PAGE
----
Pence is joined on the trip by Dr. Deborah Birx, a White House coronavirus task force official, Alex Azar, Health and Human Services Secretary, and Dr. Stephen Hahn, the head of the Food and Drug Administration — all of whom were seen wearing masks at the airport. The group exchanged pleasantries with Gov. DeSantis but did not shake hands or elbow bump.

According to the pool, no one on the flight wore face masks except for the press and the flight attendants.

Pence's trip comes as the state reported its highest single-day total of new coronavirus cases, with more than 10,000 new cases. That broke the previous record of more than 9,500 new cases in a single day, which was reported on Saturday.

Here's what else we know about coronavirus in the state:

  • No mask mandate: DeSantis has not issued a statewide requirement for people to wear masks in public, although many cities and counties have issued their own mask orders. Both the city of Tampa, which Pence is visiting today, and Hillsborough County, which Tampa sits in, require people to wear masks when visiting businesses that are open to the public.
  • Where reopening stands: While the state suspended on-premise alcohol consumption in bars across Florida, the governor has said the state will not revert to stricter measures to curb the outbreak.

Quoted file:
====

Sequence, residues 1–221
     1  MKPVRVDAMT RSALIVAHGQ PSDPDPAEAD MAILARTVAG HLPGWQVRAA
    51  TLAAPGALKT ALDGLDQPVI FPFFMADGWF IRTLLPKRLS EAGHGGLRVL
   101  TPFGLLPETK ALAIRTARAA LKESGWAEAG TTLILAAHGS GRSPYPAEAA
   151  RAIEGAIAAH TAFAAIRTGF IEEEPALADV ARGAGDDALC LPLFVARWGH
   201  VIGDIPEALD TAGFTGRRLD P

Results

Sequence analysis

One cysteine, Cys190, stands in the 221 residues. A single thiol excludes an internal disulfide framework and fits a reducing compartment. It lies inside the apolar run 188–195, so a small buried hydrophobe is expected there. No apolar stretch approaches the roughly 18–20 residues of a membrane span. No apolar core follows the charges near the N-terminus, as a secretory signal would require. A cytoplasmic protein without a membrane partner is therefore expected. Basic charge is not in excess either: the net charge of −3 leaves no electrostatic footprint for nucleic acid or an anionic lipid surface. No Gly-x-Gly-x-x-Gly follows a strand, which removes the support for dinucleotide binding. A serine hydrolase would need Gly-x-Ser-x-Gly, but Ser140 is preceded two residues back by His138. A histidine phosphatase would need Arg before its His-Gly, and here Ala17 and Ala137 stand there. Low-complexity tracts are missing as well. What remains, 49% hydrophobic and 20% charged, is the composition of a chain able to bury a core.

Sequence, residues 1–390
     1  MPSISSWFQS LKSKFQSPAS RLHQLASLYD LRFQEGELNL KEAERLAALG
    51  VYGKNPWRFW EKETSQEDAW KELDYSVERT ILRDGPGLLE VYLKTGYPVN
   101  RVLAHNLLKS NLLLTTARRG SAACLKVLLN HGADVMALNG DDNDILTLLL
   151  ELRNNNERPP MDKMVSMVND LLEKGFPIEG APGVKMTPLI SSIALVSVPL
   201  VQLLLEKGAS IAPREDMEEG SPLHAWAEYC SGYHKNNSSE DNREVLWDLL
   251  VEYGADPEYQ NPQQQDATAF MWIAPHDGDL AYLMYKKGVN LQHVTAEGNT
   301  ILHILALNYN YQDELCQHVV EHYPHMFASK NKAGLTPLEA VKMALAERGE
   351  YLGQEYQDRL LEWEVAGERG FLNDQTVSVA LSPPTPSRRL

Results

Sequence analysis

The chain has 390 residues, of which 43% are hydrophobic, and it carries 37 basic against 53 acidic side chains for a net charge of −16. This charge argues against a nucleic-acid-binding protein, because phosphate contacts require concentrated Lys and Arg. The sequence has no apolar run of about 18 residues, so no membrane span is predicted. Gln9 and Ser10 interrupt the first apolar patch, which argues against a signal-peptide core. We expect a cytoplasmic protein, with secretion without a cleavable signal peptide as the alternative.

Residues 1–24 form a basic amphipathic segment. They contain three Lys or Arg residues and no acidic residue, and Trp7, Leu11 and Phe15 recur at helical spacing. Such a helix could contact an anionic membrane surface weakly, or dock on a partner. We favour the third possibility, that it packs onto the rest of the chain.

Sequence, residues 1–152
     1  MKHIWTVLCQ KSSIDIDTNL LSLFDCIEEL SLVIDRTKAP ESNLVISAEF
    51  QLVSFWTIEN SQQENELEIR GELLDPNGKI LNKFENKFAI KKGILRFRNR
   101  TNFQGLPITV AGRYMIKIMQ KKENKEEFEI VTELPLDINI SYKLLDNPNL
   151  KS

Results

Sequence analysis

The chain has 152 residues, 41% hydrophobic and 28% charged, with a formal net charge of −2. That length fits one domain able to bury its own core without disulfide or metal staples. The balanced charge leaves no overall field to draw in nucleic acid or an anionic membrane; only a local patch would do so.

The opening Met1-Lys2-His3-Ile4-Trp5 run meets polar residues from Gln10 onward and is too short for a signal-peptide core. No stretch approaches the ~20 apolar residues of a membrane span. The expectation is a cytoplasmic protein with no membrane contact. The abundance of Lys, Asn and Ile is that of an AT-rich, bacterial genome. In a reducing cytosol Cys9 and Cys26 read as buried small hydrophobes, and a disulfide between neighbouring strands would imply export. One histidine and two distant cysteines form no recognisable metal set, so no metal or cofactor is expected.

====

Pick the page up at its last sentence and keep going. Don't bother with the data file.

• The latest from Miami: Miami-Dade Mayor Carlos Giménez said this week restaurants in the county will close nightly at midnight. Giménez said that not complying with the order is a second-degree misdemeanor and violators can be fined and spend up to 180 days in jail. Additionally, all people in Miami-Dade will be required to wear a mask or other facial covering when in public.
2:10 p.m. ET, July 2, 2020

US immigration agency braces for mass furloughs in August as pandemic pauses services

From CNN's Geneva Sands and Priscilla Alvarez 

The federal agency responsible for granting citizenship, providing immigration benefits, and processing visa applications is bracing to furlough thousands of employees in August — a move that could grind the US immigration system to a halt. 

US Citizenship and Immigration Services, a fee-funded agency, says it’s at a loss for money after having to close offices and put services on pause during the pandemic.

Over recent weeks, the agency has been preparing to furlough more than half of its workforce unless Congress provides additional funding. Notices went out to staff this week that can potentially be furloughed, according to an agency spokesperson.